Needless to say, a few thousand migrants on top of a fraction of tourists cannot nearly employ all those whose jobs depend on visitors. Marta, a 66-year-old local who earns her living cleaning bungalows, isn't happy that migrants are staying in hotels while locals are struggling. Yet she's mainly angry at the government.
"The government approved economic aid and housing assistance, but it never paid the money. There are many people without a place to live because they cannot pay the rent," she told InfoMigrants.
As we approach the Waikiki, Smulders tells us stories about misbehaving migrants and points to a big sign hanging from a crane that minutes before stood atop one of the hotel towers. Smulders suggests that it is being taken down out of fear that concerned tourists would stay away because they'd associate the hotel with migrants from seeing it on TV.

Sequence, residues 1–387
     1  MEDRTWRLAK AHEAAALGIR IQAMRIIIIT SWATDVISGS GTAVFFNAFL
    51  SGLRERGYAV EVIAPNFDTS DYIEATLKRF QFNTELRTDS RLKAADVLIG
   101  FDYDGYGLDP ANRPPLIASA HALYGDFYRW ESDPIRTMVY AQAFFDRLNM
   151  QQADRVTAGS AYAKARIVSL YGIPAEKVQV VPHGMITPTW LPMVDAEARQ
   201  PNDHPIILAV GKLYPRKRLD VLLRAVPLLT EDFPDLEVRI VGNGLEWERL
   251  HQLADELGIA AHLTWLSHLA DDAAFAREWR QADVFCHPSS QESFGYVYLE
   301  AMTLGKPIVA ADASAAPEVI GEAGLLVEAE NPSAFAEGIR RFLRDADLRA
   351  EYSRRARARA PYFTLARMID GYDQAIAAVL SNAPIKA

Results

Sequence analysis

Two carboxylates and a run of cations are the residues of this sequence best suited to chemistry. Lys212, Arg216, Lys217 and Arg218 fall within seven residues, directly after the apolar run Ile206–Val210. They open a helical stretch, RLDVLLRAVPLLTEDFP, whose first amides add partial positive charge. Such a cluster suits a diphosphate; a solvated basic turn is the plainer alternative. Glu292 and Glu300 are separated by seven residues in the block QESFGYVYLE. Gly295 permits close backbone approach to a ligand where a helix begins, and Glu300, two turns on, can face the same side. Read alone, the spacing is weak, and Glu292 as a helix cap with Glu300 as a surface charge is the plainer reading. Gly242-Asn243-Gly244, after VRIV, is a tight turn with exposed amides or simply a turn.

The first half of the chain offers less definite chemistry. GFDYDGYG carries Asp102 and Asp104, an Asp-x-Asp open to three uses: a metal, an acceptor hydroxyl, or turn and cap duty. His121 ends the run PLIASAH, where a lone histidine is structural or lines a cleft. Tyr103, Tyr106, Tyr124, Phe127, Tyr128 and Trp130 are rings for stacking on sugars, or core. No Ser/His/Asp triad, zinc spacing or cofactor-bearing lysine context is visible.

From the street in front of the Waikiki, one can see 20 or so migrants standing on the balconies, some alone, others in groups. A Spanish flag hangs from one of the balconies and a female security guard is standing outside the main entrance. As hotel staff walks in and out, a Moroccan shouts in Arabic from the sidewalk to one of the groups on the balcony. He's looking for his brother, who arrived on Gran Canaria in mid-November. After 15 minutes, he leaves empty-handed. Every few minutes, a car or a bus drives and some tourists walk by.